The Return of The Native: Book 6, Chapter 4 - Summary & Analysis

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CHAPTER IV: Cheerfulness again Asserts
Itself at Blooms-End, and Clym Finds His Vocation

Summary

The Marriage

      The twenty-fifth of next month has been fixed for the marriage of Thomasin and Diggory. On the wedding-day the heath folks have gathered to make a bed tick as a present for Thomasin and Venn. Meanwhile, at Blooms-End, Clym refuses to attend the celebration but performs the formality of giving away Thomasin to Diggory at the Church ceremony. Thomasin, knowing his temperament, kindly excuses him from attending. Near the cottage, Clym meets Charly and Charly asks him to give something that once belonged to Eustacia. Clym gives him a lock of Eustacia's hair. Charly is so grateful and nearly in tears.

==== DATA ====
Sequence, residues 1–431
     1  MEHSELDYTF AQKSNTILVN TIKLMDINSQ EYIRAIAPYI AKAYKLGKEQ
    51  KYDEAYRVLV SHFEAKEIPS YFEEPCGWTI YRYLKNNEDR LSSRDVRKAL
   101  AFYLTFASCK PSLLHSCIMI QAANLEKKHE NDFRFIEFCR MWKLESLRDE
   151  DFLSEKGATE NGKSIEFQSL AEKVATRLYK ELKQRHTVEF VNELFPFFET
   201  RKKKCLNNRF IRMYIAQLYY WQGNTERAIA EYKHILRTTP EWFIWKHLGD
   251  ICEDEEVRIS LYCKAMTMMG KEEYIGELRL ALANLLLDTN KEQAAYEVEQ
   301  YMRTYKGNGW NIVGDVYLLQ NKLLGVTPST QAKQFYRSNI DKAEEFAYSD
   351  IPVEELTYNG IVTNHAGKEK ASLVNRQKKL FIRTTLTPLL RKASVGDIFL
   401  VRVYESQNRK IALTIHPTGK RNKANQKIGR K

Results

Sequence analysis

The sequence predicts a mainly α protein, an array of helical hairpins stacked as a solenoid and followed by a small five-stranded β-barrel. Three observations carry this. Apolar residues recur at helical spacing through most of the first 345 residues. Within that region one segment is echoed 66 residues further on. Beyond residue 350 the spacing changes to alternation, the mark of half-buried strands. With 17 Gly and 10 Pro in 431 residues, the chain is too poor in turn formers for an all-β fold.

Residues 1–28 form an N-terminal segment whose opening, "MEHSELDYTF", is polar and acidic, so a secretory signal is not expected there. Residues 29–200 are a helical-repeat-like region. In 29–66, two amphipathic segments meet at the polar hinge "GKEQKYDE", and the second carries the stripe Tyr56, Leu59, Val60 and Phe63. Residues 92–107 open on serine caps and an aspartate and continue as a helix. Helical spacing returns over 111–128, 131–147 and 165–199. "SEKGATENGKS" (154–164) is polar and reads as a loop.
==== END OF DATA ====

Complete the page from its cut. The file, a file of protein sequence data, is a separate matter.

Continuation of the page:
New Face for Clym

      On the Sunday that follows the wedding, Clym stands on Rainbarrow preaching a sermon to an assorted gathering of the Heath folk. Clym has decided to deliver the first of a series of moral lectures or "Sermons on the Mount". He wandered through the surrounding places to deliver his preachings. He finds solace in his teachings on moral subjects.

Critical Analysis

      The novel ends with a happy note. In this chapter. Thomasin and Venn find happiness in their marriage and Clym finds his happiness in his preachings. This chapter also brings all the surviving characters of the novel, including the rustics.

      However, the original conception of the story had not designed a marriage between Thomasin and Verm. He was to have retained his isolated and weird character to the last, and to have disappeared mysteriously from the Heath, nobody knowing whether-Thomasin remains a widow. Since, the novel has been published in a serial form, Hardy altered the end in accordance with the public opinion.

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